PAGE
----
“Staff will already tell you that they’re overloaded, and now more workers will be let go,” said Cllr Welby.
A Council source said: “These are all truck and machinery drivers. Some of these would be considered senior staff, with a few years of service, albeit broken service because of rolling contacts.
“In the past two years, the number of drivers will have gone from 14 to six after these workers are gone. Next Monday, if an area of the county wants a truck to fill potholes, there won’t be enough drivers, so a private contractor will have to be paid to come in.
Covid lockdown returns for Kildare, Laois and Offaly
The Government has announced localised lockdowns for people living in Kildare, Laois and Offaly, following a surge in Covid-19 cases over the past week.
People from outside of those counties have been asked not to travel their unless for work or essential travel.
The restrictions affect travel, pubs, restaurants, swimming pools and cinemas.
Taoiseach Micheal Martin said the clusters of new cases were of serious concern and described the restrictions as “limited”.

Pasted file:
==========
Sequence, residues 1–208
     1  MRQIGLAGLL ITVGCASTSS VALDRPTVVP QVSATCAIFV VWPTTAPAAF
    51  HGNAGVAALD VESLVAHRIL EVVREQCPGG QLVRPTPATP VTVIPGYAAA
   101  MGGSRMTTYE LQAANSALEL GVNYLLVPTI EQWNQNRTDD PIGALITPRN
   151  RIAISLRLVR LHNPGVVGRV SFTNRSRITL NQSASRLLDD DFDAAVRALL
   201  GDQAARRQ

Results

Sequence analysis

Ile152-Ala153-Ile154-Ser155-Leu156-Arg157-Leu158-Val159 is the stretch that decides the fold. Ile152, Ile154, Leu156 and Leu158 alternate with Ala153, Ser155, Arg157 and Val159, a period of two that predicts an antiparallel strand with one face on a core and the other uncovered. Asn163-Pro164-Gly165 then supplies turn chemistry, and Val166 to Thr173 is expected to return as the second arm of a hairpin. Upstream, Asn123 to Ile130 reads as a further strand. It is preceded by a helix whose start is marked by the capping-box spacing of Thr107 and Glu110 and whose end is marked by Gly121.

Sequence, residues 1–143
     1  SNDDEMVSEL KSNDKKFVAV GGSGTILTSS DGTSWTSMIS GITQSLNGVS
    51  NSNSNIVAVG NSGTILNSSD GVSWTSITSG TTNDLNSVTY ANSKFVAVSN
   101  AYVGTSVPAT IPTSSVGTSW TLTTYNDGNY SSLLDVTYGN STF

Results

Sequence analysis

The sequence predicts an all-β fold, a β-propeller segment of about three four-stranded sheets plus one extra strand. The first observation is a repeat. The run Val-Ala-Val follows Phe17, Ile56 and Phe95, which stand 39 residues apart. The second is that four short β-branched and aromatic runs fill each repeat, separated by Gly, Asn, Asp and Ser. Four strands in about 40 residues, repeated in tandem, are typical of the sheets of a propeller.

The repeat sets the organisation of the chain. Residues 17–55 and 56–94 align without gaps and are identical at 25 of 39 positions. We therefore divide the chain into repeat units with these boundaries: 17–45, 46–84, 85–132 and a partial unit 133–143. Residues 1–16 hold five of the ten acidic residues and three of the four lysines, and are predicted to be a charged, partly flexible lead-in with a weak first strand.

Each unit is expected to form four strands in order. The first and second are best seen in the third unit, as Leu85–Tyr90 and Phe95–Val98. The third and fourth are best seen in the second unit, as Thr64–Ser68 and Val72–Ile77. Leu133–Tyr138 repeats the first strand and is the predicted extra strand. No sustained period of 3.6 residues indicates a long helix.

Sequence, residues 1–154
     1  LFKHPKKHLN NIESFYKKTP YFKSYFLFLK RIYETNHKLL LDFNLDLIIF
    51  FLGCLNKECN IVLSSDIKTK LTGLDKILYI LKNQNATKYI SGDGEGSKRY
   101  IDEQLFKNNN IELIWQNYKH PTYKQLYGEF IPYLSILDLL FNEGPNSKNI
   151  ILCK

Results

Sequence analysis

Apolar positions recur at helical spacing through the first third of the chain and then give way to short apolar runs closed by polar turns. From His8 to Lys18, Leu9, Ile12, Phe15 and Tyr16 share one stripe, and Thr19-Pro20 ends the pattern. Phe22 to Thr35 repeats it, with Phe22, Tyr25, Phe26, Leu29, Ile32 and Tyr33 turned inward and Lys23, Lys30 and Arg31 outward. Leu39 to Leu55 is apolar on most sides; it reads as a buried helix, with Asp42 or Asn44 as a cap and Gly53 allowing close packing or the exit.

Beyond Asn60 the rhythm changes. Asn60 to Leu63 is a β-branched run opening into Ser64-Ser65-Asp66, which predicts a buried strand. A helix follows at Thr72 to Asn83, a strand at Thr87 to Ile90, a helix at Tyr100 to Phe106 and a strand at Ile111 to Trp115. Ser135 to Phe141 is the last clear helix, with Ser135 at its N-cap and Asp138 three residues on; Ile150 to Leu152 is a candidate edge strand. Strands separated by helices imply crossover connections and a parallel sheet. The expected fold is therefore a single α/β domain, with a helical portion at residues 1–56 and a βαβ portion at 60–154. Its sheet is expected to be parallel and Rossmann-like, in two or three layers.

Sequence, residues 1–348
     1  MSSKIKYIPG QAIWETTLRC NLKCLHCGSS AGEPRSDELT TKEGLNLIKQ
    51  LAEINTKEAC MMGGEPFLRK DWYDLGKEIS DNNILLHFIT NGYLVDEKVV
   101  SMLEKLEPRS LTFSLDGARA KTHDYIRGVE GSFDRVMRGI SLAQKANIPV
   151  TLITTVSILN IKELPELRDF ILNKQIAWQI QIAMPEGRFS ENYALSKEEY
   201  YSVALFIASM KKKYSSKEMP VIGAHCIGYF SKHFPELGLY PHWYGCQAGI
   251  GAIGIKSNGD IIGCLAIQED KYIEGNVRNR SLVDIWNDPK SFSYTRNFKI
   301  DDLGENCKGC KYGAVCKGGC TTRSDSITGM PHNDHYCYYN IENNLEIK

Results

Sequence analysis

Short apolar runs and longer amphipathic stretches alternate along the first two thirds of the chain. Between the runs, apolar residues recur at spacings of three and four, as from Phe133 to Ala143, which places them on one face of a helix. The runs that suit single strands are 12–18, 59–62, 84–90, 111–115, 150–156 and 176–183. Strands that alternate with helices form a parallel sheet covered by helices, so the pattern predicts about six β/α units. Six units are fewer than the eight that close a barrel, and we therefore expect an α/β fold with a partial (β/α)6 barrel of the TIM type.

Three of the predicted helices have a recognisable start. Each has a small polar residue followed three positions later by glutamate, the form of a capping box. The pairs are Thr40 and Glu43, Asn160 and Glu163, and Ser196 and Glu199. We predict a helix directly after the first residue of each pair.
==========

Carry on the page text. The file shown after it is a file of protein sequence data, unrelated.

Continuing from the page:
“Over the past 14 days 292 cases of Covid-19 have arisen in Kildare, Laois and Offaly. These represent almost half of all cases detected in Ireland during that time.
“These measures are being put in place to protect the vulnerable in these counties as well as to stop the spread of the virus.
They are in place for two weeks from midnight tonight (Friday) until midnight on Friday, August 20. The situation will then be reviewed,” the Taoiseach said.
Travel and transport
You can only travel within your county, other than for the following reasons:
- to travel to and from work where that work cannot be done from home
- to attend medical appointments, collect medicines and other health products
- for vital family reasons, like providing care to children, elderly or vulnerable people, but excluding social family visits